Future stock

An abundance of promising pitching prospects lifts the Orioles' hopes for 2010, 2011 and beyond

March 01, 2009|By Jeff Zrebiec | Jeff Zrebiec,jeff.zrebiec@baltsun.com

FORT LAUDERDALE, Fla. -Orioles pitching coach Rick Kranitz stood stoically behind the group of mounds, his arms folded, his eyes fixed on the future that was now so tantalizingly close.

Brian Matusz snapped off a curveball from one mound and Brad Bergesen threw his sinker from another. Minutes later, Chris Tillman and Jake Arrieta fired fastballs into outstretched mitts, the popping sound audible on the back fields at the Orioles' spring training complex.

Most members of what scouts consider one of the best pitching prospect groups in all of baseball are here at Fort Lauderdale Stadium this spring, throwing bullpen sessions, getting into the occasional Grapefruit League game and familiarizing themselves with an organization that is counting so heavily on their development.

"I hope they are special. I hope they are even better than what we think," Kranitz said. "But our standards are pretty high for them to begin with."

The elite pitching prospects aren't serious candidates to make the Opening Day roster, but their time is expected to come in the days ahead after more birthdays are celebrated, more on-the-mound experience is gained and already impressive stuff is further refined.

"If you want to be a huge dreamer, you start thinking about those early '70s [Orioles] rotations," said Kevin Goldstein, a national writer for Baseball Prospectus. "Obviously that's hyperbole, but there's definitely a lot of talent. If everything breaks right, you are talking about a 2011 Orioles rotation that could be pretty sick."

The names are mostly familiar by now. Matusz was the fourth overall pick in last year's draft because he possesses three above-average pitches and the poise of a veteran. Tillman, the ultra-talented right-hander acquired in the Erik Bedard deal, hasn't hit his 21st birthday, but he has already proved capable of dominating more experienced hitters with a power fastball and curveball.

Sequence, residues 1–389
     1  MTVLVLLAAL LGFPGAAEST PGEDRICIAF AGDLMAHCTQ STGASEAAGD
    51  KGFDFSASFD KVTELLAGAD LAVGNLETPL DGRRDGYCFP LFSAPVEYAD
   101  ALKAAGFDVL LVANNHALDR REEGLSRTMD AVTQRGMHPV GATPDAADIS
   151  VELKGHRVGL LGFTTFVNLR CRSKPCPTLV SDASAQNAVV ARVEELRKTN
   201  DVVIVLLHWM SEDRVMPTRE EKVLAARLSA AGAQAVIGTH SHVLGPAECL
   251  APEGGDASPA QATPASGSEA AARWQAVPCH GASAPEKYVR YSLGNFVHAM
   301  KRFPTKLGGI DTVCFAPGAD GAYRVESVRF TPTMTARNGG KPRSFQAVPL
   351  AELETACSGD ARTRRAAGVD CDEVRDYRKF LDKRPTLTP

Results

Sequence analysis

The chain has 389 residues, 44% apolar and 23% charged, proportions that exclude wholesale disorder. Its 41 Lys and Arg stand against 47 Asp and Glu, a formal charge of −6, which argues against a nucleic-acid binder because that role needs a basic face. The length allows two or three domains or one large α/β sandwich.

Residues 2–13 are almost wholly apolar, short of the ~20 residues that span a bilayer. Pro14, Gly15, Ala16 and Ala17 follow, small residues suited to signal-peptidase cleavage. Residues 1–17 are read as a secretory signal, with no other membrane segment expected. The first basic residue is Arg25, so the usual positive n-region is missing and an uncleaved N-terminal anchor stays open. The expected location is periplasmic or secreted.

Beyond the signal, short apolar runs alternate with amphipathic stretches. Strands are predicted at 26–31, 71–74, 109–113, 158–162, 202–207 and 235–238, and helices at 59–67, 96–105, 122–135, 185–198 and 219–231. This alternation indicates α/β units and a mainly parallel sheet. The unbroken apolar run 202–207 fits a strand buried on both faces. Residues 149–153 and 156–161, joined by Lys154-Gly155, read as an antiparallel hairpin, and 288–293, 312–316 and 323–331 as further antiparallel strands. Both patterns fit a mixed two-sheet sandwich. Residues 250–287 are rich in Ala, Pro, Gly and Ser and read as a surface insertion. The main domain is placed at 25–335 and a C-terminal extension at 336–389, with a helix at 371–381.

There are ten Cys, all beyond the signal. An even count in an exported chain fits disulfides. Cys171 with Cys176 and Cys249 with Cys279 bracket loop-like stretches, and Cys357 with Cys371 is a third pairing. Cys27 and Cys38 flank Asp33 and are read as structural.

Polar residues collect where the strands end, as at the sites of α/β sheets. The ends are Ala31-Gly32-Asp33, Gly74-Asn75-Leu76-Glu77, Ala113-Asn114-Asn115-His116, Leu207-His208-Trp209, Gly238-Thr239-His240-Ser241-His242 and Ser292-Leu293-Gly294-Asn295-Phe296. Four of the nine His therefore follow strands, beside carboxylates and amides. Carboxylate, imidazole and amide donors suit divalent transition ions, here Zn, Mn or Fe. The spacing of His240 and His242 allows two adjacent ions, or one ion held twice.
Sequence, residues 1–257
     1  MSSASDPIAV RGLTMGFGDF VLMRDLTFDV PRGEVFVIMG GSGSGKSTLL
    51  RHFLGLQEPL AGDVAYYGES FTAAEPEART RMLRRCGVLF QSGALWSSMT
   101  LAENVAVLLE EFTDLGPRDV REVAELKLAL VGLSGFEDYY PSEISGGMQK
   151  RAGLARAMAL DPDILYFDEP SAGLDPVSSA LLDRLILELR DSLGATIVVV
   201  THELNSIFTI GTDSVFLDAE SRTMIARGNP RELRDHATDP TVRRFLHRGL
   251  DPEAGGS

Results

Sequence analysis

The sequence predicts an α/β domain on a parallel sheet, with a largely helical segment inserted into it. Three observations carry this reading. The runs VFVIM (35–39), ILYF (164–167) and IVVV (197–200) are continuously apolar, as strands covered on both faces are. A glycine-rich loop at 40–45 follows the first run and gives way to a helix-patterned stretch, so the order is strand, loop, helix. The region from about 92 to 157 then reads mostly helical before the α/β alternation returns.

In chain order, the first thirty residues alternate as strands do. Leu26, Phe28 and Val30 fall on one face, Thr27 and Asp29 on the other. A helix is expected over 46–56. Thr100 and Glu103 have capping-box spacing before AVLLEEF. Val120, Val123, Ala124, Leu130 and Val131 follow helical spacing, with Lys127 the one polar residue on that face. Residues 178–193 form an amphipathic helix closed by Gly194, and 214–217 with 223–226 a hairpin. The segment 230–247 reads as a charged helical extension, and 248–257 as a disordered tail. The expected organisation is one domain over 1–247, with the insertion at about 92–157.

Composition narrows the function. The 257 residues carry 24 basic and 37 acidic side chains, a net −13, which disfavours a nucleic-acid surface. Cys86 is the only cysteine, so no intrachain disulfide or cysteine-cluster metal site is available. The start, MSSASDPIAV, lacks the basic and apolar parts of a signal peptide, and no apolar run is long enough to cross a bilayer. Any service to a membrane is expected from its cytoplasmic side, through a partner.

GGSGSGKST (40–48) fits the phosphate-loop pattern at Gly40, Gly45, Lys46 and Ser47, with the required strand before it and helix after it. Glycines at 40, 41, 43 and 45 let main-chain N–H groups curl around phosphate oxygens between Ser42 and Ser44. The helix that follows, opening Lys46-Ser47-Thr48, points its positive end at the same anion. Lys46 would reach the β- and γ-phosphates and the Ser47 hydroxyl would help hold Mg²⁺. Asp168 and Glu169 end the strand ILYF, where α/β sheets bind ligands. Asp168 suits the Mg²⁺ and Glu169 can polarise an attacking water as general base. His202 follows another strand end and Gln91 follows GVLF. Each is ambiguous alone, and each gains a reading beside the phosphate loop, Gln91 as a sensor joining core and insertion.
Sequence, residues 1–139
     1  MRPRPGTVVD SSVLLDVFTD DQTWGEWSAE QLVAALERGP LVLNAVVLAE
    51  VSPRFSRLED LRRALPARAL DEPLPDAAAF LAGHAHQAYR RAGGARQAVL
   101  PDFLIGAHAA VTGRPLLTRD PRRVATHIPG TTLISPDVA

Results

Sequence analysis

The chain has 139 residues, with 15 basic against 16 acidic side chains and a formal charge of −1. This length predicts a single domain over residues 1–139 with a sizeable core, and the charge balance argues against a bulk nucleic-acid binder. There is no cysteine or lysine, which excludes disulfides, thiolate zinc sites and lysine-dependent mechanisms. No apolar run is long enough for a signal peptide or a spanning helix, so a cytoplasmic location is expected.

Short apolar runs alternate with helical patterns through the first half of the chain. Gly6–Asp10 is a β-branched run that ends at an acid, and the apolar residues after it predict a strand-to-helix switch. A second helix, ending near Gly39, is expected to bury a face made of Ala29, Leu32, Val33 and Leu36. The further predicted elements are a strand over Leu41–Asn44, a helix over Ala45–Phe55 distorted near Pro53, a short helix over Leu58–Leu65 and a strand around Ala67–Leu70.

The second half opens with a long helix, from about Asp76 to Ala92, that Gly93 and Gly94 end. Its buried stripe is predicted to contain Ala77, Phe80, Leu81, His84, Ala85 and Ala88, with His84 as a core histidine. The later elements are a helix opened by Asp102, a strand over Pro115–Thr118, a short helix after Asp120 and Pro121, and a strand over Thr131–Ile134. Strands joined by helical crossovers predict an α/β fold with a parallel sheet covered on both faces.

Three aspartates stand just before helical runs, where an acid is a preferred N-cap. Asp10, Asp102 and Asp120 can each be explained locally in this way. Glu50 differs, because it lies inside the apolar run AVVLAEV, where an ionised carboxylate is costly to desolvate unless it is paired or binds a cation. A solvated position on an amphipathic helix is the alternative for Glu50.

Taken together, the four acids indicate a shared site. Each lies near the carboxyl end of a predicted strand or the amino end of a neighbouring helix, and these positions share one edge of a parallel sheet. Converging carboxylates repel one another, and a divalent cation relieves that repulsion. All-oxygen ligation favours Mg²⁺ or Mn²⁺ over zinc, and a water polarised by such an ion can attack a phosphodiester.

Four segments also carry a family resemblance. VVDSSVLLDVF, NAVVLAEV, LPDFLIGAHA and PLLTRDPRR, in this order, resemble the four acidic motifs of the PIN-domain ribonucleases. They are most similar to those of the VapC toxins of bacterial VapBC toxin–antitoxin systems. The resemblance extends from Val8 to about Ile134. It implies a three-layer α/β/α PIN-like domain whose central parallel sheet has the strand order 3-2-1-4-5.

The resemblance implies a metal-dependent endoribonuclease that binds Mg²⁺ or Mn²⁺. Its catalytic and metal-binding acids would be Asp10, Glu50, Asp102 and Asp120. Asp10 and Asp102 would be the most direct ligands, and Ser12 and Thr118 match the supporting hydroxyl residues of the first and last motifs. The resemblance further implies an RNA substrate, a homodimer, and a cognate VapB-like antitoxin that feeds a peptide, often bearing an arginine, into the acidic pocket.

Arrieta is only a handful of months removed from pitching six shutout innings against China in the Olympics, while Bergesen, David Hernandez and Troy Patton have had their own minor league successes.

"Their pitching ranks with anyone in the business," Goldstein said. "There's no doubt about it. Tillman and Matusz are two guys that I have among the top 25 prospects in baseball. Arrieta is in the top 50. [Brandon] Erbe makes it in the top 100, and there are these guys after them that may not be studs, but they project as back-of-the-rotation inning eaters. And those guys are valuable. They just have a ton of pitching."

Orioles fans, understandably jaded after 11 straight losing seasons, are weary of tying the organization's future to pitchers who could be a couple of years from being ready. They have watched other hyped prospects, such as Mike Paradis and Beau Hale, falter.

Just three springs ago, they imagined Bedard, Adam Loewen and Daniel Cabrera leading a potentially dominant rotation; now, all three are gone from the organization. Former top pitching prospects Radhames Liz and Hayden Penn are still around, but Liz could be moved to the bullpen and Penn is out of options and could be approaching his final days in the organization unless he pitches well this spring.

Jim Callis, executive editor of Baseball America, understands fans' skepticism but said the Orioles have better quality and quantity of young pitchers than they've had in the past. There will also be the presence of Matt Wieters, baseball's top prospect, who caught most of the Orioles' young pitchers last year in either Single-A or Double-A, to help the group along.

"Attrition attacks pitchers, but the Orioles have enough arms and enough solid prospects where they should be able to make a difference on the big league staff," said Callis, whose publication recently ranked the Orioles' minor league system as the ninth best in baseball, their highest ranking since 1994. "It's not like they just have Tillman and Matusz. You have Brandon Erbe, Jake Arrieta. In a lot of organizations Erbe would jump out more, but in the Orioles' system, he gets lost in the shuffle a little bit. There are not too many arms like his in the minors."

Erbe, a 21-year-old right-hander who went to McDonogh, will be at minor league spring training this month, joined by the rest of the organization's top pitching prospects as they trickle in from major league camp. Club president Andy MacPhail, whose rebuilding plan is tied to the development of the young pitchers, has said all along that the organization won't rush the prospects simply to fill holes at the major league level.

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